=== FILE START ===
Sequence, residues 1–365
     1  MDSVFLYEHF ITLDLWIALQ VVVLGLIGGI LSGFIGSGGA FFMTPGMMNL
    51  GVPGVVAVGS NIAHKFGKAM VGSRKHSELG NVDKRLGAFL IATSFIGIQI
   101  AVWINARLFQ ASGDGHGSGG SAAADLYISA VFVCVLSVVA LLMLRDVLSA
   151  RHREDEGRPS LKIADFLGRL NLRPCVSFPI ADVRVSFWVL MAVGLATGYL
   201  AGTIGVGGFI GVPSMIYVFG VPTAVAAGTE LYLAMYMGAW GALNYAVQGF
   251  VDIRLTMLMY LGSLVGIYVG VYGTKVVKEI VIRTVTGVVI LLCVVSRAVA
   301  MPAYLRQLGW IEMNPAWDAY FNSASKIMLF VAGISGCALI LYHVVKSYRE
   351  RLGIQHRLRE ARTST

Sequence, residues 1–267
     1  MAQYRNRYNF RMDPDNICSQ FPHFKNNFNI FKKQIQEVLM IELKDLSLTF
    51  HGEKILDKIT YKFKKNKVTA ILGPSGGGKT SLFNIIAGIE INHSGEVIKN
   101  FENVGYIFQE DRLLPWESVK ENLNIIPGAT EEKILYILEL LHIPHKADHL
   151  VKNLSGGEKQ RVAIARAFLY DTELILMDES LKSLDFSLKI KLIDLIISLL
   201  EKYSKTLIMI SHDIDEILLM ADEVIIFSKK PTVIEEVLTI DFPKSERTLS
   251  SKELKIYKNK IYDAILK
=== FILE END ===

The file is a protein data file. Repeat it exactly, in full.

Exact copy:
Sequence, residues 1–365
     1  MDSVFLYEHF ITLDLWIALQ VVVLGLIGGI LSGFIGSGGA FFMTPGMMNL
    51  GVPGVVAVGS NIAHKFGKAM VGSRKHSELG NVDKRLGAFL IATSFIGIQI
   101  AVWINARLFQ ASGDGHGSGG SAAADLYISA VFVCVLSVVA LLMLRDVLSA
   151  RHREDEGRPS LKIADFLGRL NLRPCVSFPI ADVRVSFWVL MAVGLATGYL
   201  AGTIGVGGFI GVPSMIYVFG VPTAVAAGTE LYLAMYMGAW GALNYAVQGF
   251  VDIRLTMLMY LGSLVGIYVG VYGTKVVKEI VIRTVTGVVI LLCVVSRAVA
   301  MPAYLRQLGW IEMNPAWDAY FNSASKIMLF VAGISGCALI LYHVVKSYRE
   351  RLGIQHRLRE ARTST

Sequence, residues 1–267
     1  MAQYRNRYNF RMDPDNICSQ FPHFKNNFNI FKKQIQEVLM IELKDLSLTF
    51  HGEKILDKIT YKFKKNKVTA ILGPSGGGKT SLFNIIAGIE INHSGEVIKN
   101  FENVGYIFQE DRLLPWESVK ENLNIIPGAT EEKILYILEL LHIPHKADHL
   151  VKNLSGGEKQ RVAIARAFLY DTELILMDES LKSLDFSLKI KLIDLIISLL
   201  EKYSKTLIMI SHDIDEILLM ADEVIIFSKK PTVIEEVLTI DFPKSERTLS
   251  SKELKIYKNK IYDAILK